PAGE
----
When he was a kid, his father was killed when a rifle somehow discharged. A bloody fight for leadership ensued between him and his brother, and Little Crow was wounded in both wrists, scarring his arms so badly he kept them covered for his entire life. But he became the leader of the band of Dakota into which he was born.
Some would say he caved in 1851, when he signed the treaty at Traverse des Sioux, thereby consigning his people to a thin strip of reservation land along the Minnesota River. He took to wearing white men's clothes, joined a church, and started to farm. He visited Washington, a trip which shook the temerity out of a dozens of Native warriors. Pictures of Little Crow show him to be just another white pioneer.
But he wasn't. He was a leader of his Dakota people. When obligations weren't fulfilled and his people were starving, he chose war, even though he was against it. When he did, he went all in, as leaders do.
He is the only man buried in the cemetery at the River Bend church, Flandreau, South Dakota, who has a war named after him, Little Crow's War. Today, people call what happened 150 years ago “the Dakota War of 1862,” but "Little Crow's War" is also a fitting description, even though he knew himself it wouldn’t end well.
To avoid what was to come, he and others fled to Canada when the fighting ceased; therefore, he was not among those thirty-some hung at Mankato in December of 1862, the largest mass hanging in American history. But soon he returned home and was killed in gun fight when two white settlers stumbled on him and his son.
For a time, no one knew who lay there dead in the grass. No matter--he was, after all, an Indian, so his body was dragged up and down the streets, fire crackers set off in his eyes and ears before his head was cut off. Those who killed him got $75 for his scalp; one was cited by the legislature for honorable service.
Eventually, his scarred wrists identified him as Little Crow, chief of the Dakota, whose warriors had killed
almost 500 settlers--men, women, and children, slaughtered them.
Years later, his remains were given to a grandson. Right there in the cemetery at River Bend Presbyterian Church, his remains are today, one hopes, at rest.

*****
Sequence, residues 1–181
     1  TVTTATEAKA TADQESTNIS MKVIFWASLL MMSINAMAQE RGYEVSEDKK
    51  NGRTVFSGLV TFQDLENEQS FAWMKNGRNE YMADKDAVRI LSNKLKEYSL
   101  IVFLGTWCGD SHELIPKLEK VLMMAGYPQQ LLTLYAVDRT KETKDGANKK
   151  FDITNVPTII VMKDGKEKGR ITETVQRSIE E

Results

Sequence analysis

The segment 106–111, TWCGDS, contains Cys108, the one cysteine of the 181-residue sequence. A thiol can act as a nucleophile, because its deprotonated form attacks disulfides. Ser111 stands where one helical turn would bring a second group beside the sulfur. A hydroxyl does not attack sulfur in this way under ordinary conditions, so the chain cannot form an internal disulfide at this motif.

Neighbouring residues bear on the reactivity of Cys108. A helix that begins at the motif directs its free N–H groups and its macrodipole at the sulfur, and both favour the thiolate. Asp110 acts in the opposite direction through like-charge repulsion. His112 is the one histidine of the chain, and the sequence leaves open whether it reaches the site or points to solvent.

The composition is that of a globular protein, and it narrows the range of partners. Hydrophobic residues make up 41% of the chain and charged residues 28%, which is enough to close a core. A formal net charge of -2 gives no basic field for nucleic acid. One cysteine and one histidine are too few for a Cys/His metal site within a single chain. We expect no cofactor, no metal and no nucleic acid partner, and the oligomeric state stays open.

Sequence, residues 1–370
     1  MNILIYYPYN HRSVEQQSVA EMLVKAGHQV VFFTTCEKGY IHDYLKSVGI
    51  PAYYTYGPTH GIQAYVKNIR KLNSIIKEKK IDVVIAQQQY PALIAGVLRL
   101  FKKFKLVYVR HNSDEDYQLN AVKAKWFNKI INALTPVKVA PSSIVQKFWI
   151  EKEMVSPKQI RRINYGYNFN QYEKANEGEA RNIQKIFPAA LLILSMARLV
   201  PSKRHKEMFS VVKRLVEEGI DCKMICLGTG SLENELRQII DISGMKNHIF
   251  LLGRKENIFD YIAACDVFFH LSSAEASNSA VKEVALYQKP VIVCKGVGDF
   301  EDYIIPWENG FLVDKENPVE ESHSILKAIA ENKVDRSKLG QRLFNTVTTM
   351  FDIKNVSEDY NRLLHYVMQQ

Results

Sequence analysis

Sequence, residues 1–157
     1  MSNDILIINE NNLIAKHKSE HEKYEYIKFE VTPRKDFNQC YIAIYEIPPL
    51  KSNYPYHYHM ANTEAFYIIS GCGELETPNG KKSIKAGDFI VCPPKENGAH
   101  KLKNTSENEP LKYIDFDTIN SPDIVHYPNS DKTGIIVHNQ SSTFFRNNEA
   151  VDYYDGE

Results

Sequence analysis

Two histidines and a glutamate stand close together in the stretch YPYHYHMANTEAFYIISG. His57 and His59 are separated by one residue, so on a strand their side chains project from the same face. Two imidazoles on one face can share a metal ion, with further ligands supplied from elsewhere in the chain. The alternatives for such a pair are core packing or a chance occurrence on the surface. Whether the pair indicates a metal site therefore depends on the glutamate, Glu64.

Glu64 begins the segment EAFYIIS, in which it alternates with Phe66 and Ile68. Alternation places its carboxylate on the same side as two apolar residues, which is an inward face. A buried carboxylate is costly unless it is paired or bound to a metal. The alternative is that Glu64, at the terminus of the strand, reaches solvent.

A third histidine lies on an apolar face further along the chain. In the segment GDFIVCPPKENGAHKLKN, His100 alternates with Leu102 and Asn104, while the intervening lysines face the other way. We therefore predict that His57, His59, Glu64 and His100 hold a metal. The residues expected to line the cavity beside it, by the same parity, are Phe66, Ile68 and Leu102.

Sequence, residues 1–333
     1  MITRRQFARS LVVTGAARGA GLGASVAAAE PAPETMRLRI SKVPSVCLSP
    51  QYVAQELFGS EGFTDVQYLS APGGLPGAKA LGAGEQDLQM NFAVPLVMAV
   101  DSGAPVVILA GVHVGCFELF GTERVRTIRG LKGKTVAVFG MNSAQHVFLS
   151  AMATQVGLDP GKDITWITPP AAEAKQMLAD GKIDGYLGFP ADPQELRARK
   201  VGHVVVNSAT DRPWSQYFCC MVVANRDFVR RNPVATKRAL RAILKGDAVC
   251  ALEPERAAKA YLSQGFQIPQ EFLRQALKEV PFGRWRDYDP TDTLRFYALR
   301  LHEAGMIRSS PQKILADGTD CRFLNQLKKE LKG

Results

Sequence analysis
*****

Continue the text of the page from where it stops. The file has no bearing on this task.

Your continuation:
The inscription on his stone is part of the reason he's still regarded, by some, as a hero. In August of 1862, Little Crow knew what was going to happen once Dakota warriors raided the agency that wouldn't give them food that belonged to them. He knew a fight would not end well, but he led his warriors anyway--"Therefore I'll die with you." You can read that line on his stone--bottom line.
Stop by sometime. Chances are, his stone is the only one bearing a name you might have heard of.
Little Crow's story is staggering in every way. He led a rebellion that slaughtered what a white man like me can't help thinking of as innocent people, immigrant homesteaders, whole families, some of whom actually knew him. Some attended the same church.
But Little Crow was to some--to many--a great hero. Still is. You don't have to believe that to be true, but if you can’t believe it, you really should try to understand anyway.
River Bend Church is not so far from here, but you've got to hunt to find it. I don't know of a tour bus that would take you there. You're very much on your own.
But a story like Little Crow's, in this fair Siouxland of ours, is never all that far away, no matter where you are.
I find that humbling whether or not I’m walking in a cemetery